Engineering Terms
"A", "B", "C", "D", "E", "F", "G", "H", "I", "J", "K", "L", "M",
"N", "O", "P", "Q", "R", "S", "T", "U", "V", "W", "X", "Y", "Z"

Transistor Amplifier Circuit Schematics

This page presents a number of different transistor circuits.
The first transistor circuit below is configured as a common Emitter.
A common Emitter circuit just means that the emitter lead is common to both the input and outputs circuits. In this case the emitter is grounded, so common to both input and output. The first example shows an NPN transistor followed by a PNP example, note that other than the transistor symbol changing, the circuits are identical.

BJT Inverter
Positive Output Swing

The basic transistor amplifier circuit used as an inverter showing just a collector resistor to set the current. Once the Base is made more positive than the emitter the transistor turns on and collector current flows. The output produced is positive with respect to ground. The 2N2222 NPN transistor is one of the more common general purpose transistors.

Common Emitter Transistor, NPN Inverter circuit
The input is applied to the Base of the transistor and the output taken from the transistor's Collector. The Emitter is ground or common, so an output is not possible from that terminal.

The same circuit as above now using a PNP transistor. Because the polarity is now reversed, a negative supply voltage is required at the collector producing a negative output with respect to ground. The 2N2904 PNP transistor is a common general purpose transistor.

BJT Inverter
Negative Output Swing

Common Emitter Transistor, PNP Inverter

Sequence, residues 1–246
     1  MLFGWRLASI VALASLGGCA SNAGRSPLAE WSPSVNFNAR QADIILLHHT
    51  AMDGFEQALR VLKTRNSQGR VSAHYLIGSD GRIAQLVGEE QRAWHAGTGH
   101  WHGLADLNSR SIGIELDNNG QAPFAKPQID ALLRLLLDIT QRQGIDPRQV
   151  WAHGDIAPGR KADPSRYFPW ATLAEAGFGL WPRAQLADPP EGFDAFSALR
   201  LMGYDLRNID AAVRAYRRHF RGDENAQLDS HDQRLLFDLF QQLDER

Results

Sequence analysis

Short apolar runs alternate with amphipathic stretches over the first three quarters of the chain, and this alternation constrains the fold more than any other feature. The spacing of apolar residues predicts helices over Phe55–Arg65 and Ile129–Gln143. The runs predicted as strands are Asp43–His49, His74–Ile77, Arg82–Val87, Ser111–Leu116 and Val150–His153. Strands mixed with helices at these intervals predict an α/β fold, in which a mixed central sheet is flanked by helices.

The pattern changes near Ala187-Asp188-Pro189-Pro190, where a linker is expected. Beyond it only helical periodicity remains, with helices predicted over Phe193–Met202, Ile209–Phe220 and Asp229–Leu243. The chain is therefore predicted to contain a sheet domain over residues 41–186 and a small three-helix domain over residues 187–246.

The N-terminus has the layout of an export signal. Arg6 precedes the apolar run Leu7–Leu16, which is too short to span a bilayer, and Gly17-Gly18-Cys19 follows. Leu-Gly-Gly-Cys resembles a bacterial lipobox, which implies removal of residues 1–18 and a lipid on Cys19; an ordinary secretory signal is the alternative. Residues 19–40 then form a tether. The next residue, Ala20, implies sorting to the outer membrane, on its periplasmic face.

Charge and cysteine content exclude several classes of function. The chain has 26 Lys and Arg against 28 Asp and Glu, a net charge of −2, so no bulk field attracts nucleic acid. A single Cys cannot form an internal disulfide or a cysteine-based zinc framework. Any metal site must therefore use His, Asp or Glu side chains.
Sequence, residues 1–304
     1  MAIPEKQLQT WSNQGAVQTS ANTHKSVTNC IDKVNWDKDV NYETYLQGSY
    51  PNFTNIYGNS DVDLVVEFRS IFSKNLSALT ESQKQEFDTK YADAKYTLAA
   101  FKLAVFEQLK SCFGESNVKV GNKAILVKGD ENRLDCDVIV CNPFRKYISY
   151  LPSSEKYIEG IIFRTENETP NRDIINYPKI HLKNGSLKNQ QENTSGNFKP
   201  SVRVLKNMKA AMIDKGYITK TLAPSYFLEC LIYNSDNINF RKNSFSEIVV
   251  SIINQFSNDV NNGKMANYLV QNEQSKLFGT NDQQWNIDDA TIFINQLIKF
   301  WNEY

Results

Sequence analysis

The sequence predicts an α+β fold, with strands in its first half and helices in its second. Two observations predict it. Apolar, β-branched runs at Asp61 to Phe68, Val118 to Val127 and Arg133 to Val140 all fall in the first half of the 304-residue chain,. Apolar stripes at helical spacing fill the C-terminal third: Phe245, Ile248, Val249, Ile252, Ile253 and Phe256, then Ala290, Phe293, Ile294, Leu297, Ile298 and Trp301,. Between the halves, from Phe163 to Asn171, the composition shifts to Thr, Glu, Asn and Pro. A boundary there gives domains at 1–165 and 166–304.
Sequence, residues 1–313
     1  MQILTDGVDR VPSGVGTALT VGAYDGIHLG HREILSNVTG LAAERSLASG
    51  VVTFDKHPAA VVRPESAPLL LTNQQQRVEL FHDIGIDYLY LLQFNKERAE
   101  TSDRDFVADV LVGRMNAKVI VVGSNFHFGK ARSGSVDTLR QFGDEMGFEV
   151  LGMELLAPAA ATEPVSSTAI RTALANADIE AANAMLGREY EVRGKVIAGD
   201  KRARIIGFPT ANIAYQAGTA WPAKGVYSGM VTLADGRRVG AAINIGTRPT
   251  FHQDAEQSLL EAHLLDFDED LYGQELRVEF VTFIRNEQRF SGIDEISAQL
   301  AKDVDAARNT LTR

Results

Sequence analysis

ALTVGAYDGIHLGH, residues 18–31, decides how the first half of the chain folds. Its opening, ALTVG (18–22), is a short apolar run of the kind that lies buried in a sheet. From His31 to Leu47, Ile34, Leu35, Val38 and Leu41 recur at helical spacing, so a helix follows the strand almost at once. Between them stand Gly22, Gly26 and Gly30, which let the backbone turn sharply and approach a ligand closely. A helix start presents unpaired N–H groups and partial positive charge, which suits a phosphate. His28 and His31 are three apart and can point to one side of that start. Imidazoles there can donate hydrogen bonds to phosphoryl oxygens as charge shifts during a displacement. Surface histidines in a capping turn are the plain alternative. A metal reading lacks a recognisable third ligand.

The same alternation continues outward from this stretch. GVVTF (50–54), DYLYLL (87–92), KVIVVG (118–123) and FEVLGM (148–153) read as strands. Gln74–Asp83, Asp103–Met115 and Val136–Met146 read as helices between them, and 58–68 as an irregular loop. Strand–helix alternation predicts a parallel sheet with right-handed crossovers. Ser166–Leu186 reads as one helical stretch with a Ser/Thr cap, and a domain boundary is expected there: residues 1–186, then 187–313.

Same circuit as above with a PNP transistor, note the negative voltage supply. So this output will switch between ground and some negative voltage.

This next example shows an Emitter Follower configuration. Basically a circuit that buffers the incoming signals and outputs a replica of the signal but slightly reduced in amplitude.

Emitter Follower Transistor Schematic
Emitter Follower Configuration
The output is a reduced version of the input due to the diode drop between the Base Emitter junction. The circuit has a high input impedance, so appears as a nice load for a low impedance source. The output has a low impedance, so makes a good source as a driver circuit. As a minimum circuit, only the transistor and Emitter resistor is shown.

The graphic shows an NPN transistor configured as an Emitter Follower, with a positive output swing.
A Negative output swing could be produced with a PNP transistor and negative Vcc.
Note that regardless of the transistor type, the output is taken from the same location. Some might label the circuit as a transistor amplifier because of the set-up, but the circuit will have a smaller output than the input and does not amplify the voltage of the input signal. However the circuit does amplify the input or Base current, by the Beta of the transistor.

The circuit to the right shows another example with both a Base resistor to set the base current and collector resistor which determines the current through the collector. The two capacitors C1 & C2 are normally used to block DC bias voltages from the circuits before and after the transistor.

BJT Amplifier

A dual output swing is possible but requires two supply voltages. Although the circuit shows the supply names as the actual voltages, its more common to call the collector voltage Vcc and the emitter voltage as Vee. Some Transistor Packages hold two transistors, both to keep the package count down and so they have similar temperature characteristics.

Transistor Amplifier, Dual Swing output [positive/negative]
The output of this transistor circuit sits between two transistors, one biased to a positive voltage and one to a negative voltage. So the output would than switch between to positive voltage and negative voltage.

PC motherboard

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